The ministry started to offer the English versions in August with the aim of helping the companies expedite approval in other countries.
The recent English-language disclosure were of Samsung Bioepis’ two biosimilars for treating rheumatoid arthritis -- Brenzys and Renflexis.
Brenzys is a biosimilar referencing Amgen’s top-selling drug Enbrel (etanercept) while Renflexis is based on Johnson & Johnson’s blockbuster treatment Remicade (infliximab).
Biosimilars refer to cheaper, near-replicas of biologic drugs that have lost patent protection. Multiple companies around the world have been developing biosimilars in line with the approaching patent expiry of some of the world’s top-selling biologics.
In August, the Korean Drug Ministry released English-language approval evaluation results of Celltrion’s two biosimilar drugs, Remsima and Herzuma. The former references Remicade while the latter references Roche’s Herceptin (tastuzumab).
The ministry said it further plans to release its approval evaluation of Celltrion’s Truxima, based on Roche’s lymphatic cancer treatment Rituxan (rituximab), in English. Truxima obtained domestic sales approval in November as the fifth locally-made biosimilar to debut here.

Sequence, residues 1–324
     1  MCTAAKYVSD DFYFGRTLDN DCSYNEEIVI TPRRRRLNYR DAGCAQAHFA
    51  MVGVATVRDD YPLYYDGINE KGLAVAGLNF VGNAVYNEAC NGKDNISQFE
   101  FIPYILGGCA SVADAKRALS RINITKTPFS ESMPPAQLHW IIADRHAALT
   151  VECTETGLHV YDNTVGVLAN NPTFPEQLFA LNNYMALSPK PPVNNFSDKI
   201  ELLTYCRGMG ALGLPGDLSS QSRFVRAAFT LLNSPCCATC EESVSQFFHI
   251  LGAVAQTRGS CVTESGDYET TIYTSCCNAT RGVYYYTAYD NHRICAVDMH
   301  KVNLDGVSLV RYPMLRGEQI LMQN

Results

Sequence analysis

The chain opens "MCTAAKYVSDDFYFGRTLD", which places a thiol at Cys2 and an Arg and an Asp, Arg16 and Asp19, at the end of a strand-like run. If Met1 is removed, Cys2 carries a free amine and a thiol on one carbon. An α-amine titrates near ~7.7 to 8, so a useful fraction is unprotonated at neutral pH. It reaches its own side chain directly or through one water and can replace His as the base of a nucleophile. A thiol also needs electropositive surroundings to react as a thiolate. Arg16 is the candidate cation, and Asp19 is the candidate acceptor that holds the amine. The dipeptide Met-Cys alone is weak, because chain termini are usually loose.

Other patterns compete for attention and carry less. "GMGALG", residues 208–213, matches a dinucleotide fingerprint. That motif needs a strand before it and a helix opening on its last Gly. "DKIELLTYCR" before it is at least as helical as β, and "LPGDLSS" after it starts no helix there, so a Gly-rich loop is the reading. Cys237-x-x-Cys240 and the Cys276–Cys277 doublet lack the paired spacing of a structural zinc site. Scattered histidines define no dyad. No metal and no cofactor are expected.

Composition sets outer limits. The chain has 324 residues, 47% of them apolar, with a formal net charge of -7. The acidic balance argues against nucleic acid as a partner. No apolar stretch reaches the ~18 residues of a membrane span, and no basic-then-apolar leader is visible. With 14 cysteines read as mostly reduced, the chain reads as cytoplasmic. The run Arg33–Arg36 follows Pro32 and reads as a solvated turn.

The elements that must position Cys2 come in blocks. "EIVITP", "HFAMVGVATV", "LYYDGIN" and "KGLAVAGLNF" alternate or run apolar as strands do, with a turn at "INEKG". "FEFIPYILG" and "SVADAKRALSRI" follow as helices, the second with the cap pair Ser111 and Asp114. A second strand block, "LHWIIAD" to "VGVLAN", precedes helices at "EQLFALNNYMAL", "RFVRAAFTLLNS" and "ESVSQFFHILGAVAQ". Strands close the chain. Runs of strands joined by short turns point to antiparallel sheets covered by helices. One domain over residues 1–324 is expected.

“We will continue to open up the results of our approval evaluation of Korean biosimilars to aid the launch of the drugs in global markets,” the ministry said in a statement.
The Korean Drug Ministry is currently chairing the International Pharmaceutical Regulators Forum, a body consisting of the world’s major drug regulators including the US Food and Drug Administration and the European Medicines Agency.
The Drug Ministry’s English-language approval documents on Korean biosimilars can be viewed by clicking “Pharmaceutical Information” under the “Category Information” tab at www.mfds.go.kr.
By Sohn Ji-young (email@example.com)